This pressure can be helpful when preventing labour exploitation, since buyers can insist their suppliers adopt and enforce ethical labour standards as a precondition for doing business. However, this ‘helpful’ pressure is simultaneously undermined when buyers demand low cost products from their suppliers, who are also in competition with each other for small profit margins. Therefore, costs and risks are transferred down supply chains, often to workers, in the form of low pay and flexible employment contracts. Suppliers may use labour intermediaries such as gangmasters or work agencies as a means to informalise and reduce their labour costs.

One prominent example is zero-hours contracts, where workers may turn up to fields or factories, only to be sent home because there is no work for them that day. Not only do zero-hours contracts generate insecurity for workers, but some have complained of longer term health problems associated with this insecurity. So zero-hours contracts can have harmful implications, yet remain a legal business practice, and in some cases, are essential for suppliers to remain competitive by responding to fluctuating levels of demand.

While supply chain businesses may not want exploitation to occur, they become preoccupied with meeting daily orders and minimising costs to the extent that they lose sight of harmful practices that occur. If there are numerous layers of subcontracting, some businesses may not even be aware that exploitation is occurring. So we can see labour exploitation as a problem inherent to many legitimate supply chain and business practices, rather than being an exclusive problem of ‘rogue’ employers and ‘criminal’ human traffickers.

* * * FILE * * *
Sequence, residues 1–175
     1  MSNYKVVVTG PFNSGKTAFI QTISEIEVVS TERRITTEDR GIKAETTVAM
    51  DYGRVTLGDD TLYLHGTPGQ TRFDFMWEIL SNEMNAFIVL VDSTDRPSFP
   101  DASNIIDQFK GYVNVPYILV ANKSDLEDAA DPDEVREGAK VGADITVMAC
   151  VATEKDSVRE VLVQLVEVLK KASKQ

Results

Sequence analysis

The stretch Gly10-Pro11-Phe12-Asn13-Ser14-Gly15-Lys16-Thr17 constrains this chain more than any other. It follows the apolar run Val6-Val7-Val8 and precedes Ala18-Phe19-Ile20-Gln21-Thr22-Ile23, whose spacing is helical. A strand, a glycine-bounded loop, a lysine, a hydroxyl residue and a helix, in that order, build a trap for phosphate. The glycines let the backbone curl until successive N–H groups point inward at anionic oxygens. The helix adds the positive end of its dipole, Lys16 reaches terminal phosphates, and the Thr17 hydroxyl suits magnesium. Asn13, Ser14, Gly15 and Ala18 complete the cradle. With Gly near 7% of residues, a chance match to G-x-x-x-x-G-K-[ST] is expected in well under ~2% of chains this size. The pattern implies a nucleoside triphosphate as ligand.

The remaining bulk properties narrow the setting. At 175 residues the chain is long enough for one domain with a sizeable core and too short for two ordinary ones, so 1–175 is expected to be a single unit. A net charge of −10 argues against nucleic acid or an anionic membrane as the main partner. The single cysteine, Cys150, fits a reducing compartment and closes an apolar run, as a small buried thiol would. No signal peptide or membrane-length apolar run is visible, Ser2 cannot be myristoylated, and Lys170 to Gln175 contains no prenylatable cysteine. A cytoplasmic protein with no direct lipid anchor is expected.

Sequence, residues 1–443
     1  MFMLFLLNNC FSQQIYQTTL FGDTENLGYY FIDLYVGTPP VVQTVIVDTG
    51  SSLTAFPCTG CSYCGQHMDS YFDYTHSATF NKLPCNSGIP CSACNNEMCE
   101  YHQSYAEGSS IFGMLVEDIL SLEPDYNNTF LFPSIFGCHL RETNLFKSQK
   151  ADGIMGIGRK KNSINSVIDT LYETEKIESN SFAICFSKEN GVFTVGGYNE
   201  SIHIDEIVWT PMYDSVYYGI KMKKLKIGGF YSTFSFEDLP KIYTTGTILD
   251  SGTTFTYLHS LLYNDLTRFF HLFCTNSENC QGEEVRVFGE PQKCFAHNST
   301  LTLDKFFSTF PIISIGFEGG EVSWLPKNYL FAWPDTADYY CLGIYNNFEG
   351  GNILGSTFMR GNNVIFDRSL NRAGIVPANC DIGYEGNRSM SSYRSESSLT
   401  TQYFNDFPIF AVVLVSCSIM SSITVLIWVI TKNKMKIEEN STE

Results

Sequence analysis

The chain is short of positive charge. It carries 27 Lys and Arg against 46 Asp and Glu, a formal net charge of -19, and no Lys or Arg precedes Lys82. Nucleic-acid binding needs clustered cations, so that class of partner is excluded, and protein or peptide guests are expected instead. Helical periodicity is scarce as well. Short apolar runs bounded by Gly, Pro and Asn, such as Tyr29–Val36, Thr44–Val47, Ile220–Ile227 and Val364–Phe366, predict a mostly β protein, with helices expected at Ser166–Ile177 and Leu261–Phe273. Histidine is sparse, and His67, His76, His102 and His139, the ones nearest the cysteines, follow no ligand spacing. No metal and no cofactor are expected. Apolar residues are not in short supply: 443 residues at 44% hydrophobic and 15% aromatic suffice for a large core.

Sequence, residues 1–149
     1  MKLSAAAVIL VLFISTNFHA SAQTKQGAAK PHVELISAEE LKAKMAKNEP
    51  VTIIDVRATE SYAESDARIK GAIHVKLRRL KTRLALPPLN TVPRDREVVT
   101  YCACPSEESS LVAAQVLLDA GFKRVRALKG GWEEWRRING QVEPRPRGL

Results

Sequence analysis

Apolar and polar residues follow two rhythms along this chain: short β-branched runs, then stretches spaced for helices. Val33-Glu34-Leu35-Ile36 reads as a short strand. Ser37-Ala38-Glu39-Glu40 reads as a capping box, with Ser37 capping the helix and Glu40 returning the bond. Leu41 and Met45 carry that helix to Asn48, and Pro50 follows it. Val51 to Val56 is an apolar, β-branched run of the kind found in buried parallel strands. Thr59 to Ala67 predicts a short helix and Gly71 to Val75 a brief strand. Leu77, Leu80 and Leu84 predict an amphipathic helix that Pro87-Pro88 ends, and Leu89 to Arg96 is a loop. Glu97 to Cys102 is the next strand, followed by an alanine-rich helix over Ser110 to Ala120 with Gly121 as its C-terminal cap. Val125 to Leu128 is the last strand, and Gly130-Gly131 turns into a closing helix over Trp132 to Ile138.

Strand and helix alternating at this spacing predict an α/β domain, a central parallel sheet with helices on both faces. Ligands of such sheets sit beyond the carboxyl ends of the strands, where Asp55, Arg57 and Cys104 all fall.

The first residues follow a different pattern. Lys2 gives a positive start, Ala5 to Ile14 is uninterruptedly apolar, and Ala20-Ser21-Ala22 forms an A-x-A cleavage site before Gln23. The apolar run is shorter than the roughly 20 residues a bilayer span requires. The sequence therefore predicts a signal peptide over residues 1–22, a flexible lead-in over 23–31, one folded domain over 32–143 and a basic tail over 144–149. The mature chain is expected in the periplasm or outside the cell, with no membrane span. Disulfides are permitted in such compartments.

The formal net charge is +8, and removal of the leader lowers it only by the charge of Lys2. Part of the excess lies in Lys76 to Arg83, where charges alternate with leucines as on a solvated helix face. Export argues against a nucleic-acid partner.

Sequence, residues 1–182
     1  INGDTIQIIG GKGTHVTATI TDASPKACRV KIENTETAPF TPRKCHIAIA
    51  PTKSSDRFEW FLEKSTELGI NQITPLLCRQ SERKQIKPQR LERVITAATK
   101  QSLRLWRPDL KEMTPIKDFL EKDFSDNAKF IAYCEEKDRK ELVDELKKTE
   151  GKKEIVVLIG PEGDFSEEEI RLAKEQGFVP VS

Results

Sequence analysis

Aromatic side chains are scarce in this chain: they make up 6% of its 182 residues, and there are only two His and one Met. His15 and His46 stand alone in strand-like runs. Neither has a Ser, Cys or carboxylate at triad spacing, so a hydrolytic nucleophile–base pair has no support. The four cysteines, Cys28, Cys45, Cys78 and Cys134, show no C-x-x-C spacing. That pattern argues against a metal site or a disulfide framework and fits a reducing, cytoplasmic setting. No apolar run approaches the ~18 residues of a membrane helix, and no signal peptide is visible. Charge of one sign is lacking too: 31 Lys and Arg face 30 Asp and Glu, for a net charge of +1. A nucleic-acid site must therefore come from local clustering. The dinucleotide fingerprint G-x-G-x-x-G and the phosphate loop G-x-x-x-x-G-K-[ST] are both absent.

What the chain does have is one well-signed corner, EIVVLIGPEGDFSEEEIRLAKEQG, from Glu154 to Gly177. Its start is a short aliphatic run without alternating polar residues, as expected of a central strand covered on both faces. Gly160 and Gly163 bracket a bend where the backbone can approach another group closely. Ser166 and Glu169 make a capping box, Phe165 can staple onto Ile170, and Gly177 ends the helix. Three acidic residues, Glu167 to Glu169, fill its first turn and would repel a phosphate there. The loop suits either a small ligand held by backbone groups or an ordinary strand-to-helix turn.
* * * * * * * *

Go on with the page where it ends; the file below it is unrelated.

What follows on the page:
How can society address labour exploitation?

Given the number of complex issues highlighted here, there is no single intervention that will reduce or eradicate labour exploitation. Most policy makers and researchers think that a strong regulatory framework supported by enforcement is a helpful starting point. Recent UK legislative developments suggest a stronger emphasis on labour market regulation, but this is more complex when examined further.

The Modern Slavery Act 2015 includes a ‘transparency in supply chains’ provision, which means that large companies are required to publish a yearly statement outlining the steps they are taking to address ‘slavery’ in their supply chains. However, this obligation applies to large companies only, and deals with the most severe practices. Smaller companies are therefore excluded from this oversight, as are labour harms that do not meet the threshold of modern-day slavery.

The Immigration Act 2016 has led to a new Director of Labour Market Enforcement, who oversees a number of regulatory bodies, including the new Gangmasters Labour Abuse Authority (GLAA) to address the full spectrum of labour market non-compliance. Yet organisations such as the TUC have criticised this legislation for conflating labour market regulation with immigration enforcement. For instance, migrants with irregular immigration status can have their earnings confiscated as proceeds of crime.

Regardless of how we address labour exploitation, the most severe cases represent the tip of the iceberg. We should not forget about the wider range and larger frequency of labour harms that occur in legitimate supply chain processes.